Package: PKG_DDL

In my last post, PKG_DDL_SQL, I talked about performing DDL from within PL/SQL and how I like to split the DDL logic into the two parts of:

  1. Generate the DDL command
  2. Execute the generated command

The first part is covered by the PKG_DDL_SQL package. This post looks at the second part; the execution of the DDL.

As noted previously, executing DDL can be as simple as:

EXECUTE IMMEDIATE <ddl_command>;

and if we are using PLG_DDL_SQL to create the DDL command then we can substitute a call to PKG_DDL_SQL for the DDL command, e.g.:

EXECUTE IMMEDIATE pkg_ddl_sql.truncate_table('MY_SCHEMA','MY_TABLE');

However, when it comes to DDL there are other considerations beyond the simple execution of the command. These include:

  • Security
  • Logging of actions
  • Ability to disable DDL execution


The ability to execute DDL from within PL/SQL is quite powerful given that it is easy to destroy your database in many different ways. I have worked at places that have implemented wonderfully generic routines along the lines of:

PROCEDURE do_ddl (ddl_command IN VARCHAR2)
   EXECUTE IMMEDIATE ddl_command;
END do_ddl;

and widely granted access to such a procedure. Given that the routine will execute with the privileges of the owner of the routine and not the invoker this strategy is simply asking for trouble. To restrict the amount of dammage that can be done in this type of scenario, at a minimum AUTHID CURRENT_USER should be used to ensure that the DDL is executed with the privileges of the invoker and not the owner.

Logging of actions

One of the key reasons for splitting the generation of the DDL command from its execution is that it permits the action to be logged moments before it is invoked. As mentioned in previous posts, instrumentation of code is key to figuring out what happened when things go wrong. DDL is non-transactional so when an incorrect command is executed you can’t simply rollback and pretend nothing happened. Chances are your process has created a mess that needs to be cleaned up and the log of what got executed is your starting point for that clean up activity.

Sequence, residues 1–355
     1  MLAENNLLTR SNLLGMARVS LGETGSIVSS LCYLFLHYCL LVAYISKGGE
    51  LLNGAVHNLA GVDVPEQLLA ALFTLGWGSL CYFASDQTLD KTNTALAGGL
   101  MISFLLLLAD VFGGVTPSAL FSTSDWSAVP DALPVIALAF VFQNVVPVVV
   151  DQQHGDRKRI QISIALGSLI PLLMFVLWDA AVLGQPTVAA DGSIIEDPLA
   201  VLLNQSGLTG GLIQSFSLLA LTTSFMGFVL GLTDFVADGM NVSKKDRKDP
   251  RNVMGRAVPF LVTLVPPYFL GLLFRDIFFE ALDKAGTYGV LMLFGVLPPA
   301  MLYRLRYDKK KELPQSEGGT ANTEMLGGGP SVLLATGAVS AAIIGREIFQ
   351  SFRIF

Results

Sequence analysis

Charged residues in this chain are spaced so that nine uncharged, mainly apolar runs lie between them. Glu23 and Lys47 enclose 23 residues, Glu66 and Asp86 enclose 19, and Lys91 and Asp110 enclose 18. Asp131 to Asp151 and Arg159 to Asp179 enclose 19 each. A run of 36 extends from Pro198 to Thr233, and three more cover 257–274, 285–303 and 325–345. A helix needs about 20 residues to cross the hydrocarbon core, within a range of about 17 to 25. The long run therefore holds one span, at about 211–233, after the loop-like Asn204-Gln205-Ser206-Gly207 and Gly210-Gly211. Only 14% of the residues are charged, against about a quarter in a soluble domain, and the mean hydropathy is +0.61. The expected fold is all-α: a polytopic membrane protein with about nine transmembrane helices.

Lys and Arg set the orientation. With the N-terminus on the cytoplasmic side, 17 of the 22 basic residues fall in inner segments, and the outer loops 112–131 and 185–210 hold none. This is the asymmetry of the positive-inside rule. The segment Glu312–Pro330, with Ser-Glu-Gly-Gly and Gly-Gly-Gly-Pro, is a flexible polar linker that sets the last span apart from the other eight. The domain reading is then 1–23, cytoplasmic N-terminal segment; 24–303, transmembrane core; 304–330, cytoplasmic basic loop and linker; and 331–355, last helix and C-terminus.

Ability to disable DDL execution

Along with logging of the DDL, during the development you will probably want to test out what your process will do without actually executing it. When playing around with dropping objects or truncating tables, one logical slip and you’ll have your coworkers rather irritated that they will have to wait around for the database to be restored. Generating the DDL commands that will be executed, logging them but not actually executing them allows you to confirm that your process will do what you expect… or, if you please, confirm that you would have trashed your database if you had actually executed the commands. Building some sort of switch into the code to disable execution makes testing things rather convenient.


With all of the above in mind, PKG_DDL is the package structure I usually implement to handle executing DDL in a procedural manner.

The package specification simply exposes routines that perform simple DDL operations, e.g.:truncate_table, disable_trigger, etc. As well as routines that execute what are the commands returned by PKG_DDL_SQL there are routines that execute a series of DDL commands, such as disable_table_triggers, which disables all triggers on the table specified. Other than the DDL routines there are routines to control the overall behaviour of the package: